Chameleons - Little Critters Veterinary Hospital - Gilbert, AZ
I love chameleons and personally find them to be the most fascinating of the reptiles. However, I typically don’t recommend them as pets because they have very specialized needs and can be very frail in captivity with sudden death not uncommon.
-Their feet have toe bones fused into a specialized foot that allows them to climb & grasp.
– They have the ability to change skin color and will often change color when stressed.
– Their eyes can rotate independently.
– The chameleon family includes both egg bearers and live bearers.
– They spend their lives in the trees and foliage
– They drink rain drops off of leaves
– They have a long projectile tongue enabling them to catch prey
– They are solitary animals.
– Males often have head ornamentation.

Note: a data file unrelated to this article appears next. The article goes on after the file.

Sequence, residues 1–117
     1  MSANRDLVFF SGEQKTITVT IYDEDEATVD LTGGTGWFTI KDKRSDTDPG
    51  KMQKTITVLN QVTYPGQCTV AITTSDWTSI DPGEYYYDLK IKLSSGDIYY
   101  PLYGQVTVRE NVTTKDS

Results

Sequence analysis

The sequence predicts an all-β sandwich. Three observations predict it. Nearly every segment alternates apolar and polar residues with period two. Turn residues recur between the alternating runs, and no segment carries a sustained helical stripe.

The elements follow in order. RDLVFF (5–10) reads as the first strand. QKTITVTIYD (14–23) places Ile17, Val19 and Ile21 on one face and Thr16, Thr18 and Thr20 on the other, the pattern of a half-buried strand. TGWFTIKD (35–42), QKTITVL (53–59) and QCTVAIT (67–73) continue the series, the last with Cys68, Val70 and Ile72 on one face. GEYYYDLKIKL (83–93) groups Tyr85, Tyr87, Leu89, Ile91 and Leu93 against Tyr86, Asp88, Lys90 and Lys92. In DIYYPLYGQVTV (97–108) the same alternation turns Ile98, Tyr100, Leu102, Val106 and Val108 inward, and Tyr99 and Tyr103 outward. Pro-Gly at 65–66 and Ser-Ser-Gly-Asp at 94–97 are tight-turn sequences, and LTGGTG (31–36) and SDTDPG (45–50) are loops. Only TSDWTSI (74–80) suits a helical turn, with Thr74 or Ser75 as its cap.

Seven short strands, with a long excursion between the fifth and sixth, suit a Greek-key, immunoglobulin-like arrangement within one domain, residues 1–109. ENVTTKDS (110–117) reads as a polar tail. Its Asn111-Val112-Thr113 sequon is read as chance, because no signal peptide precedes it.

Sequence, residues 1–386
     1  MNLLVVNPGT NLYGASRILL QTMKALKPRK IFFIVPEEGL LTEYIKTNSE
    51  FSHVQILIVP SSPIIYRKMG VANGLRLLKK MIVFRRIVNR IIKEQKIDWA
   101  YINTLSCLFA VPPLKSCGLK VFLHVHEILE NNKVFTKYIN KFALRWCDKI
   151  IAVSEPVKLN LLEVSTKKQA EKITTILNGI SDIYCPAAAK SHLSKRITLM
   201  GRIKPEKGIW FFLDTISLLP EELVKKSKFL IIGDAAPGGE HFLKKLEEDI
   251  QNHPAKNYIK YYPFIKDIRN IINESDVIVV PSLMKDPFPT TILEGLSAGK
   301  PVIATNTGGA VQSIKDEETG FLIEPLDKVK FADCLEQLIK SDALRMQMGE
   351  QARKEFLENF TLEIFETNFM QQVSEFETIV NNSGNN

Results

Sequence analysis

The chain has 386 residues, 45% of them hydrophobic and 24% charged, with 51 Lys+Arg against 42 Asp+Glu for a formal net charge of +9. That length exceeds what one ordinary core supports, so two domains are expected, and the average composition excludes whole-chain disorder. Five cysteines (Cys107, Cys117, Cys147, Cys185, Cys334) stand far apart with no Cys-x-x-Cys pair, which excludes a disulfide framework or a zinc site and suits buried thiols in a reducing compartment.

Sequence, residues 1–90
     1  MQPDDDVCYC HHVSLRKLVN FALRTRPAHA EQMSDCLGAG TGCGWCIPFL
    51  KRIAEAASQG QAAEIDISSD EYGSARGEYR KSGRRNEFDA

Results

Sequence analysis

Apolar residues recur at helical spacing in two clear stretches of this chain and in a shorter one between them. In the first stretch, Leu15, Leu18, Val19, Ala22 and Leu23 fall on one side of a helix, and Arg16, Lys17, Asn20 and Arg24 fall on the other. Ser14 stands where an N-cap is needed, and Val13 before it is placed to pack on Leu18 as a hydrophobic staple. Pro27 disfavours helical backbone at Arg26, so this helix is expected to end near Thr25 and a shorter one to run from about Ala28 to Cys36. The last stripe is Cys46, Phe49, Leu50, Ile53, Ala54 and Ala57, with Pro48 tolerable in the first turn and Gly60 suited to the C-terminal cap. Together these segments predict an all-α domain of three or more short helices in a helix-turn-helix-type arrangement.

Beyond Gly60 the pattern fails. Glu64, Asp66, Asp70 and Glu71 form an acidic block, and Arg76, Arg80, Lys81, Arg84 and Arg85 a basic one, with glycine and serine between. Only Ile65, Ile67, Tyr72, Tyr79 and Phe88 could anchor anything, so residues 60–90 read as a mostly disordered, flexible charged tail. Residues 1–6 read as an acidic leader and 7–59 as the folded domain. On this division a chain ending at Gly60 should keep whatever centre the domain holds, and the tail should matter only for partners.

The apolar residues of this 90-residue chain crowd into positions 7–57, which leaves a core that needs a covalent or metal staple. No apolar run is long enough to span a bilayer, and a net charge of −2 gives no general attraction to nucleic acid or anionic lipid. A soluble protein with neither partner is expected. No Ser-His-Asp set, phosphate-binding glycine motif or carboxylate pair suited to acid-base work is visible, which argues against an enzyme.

– They require live food – insects.
– They must be housed with plants to provide them with a feeling of security.
- A drip system must be implemented to water them. There are several commercial products available but a drip system can easily be home made by placing a bowl on top of the cage with a pin hole on the bottom to allow water to drip through the foliage and into a receiving bowl. They will not drink out of a bowl so the water must drip over the plant material. Alternatively, the plants can be misted several times daily.
Each type of chameleon will have special needs, but generally speaking they all require a source of sunlight, humidity, varied insects that have been supplemented, and a heat source.
One of the best things you can do for your chameleon is to provide them with regular sunlight. The sun should not be filtered through glass because this limits the absorption of UV rays.
Problems Requiring Medical Attention ASAP:
- – Refusal to feed
- – inability to open eyes
- – swollen eyes
- – inability to grasp or climb
- – oral lesions
Sick chameleons tend to become critical in a short period of time and should be examine by a veterinarian at the first sign of trouble.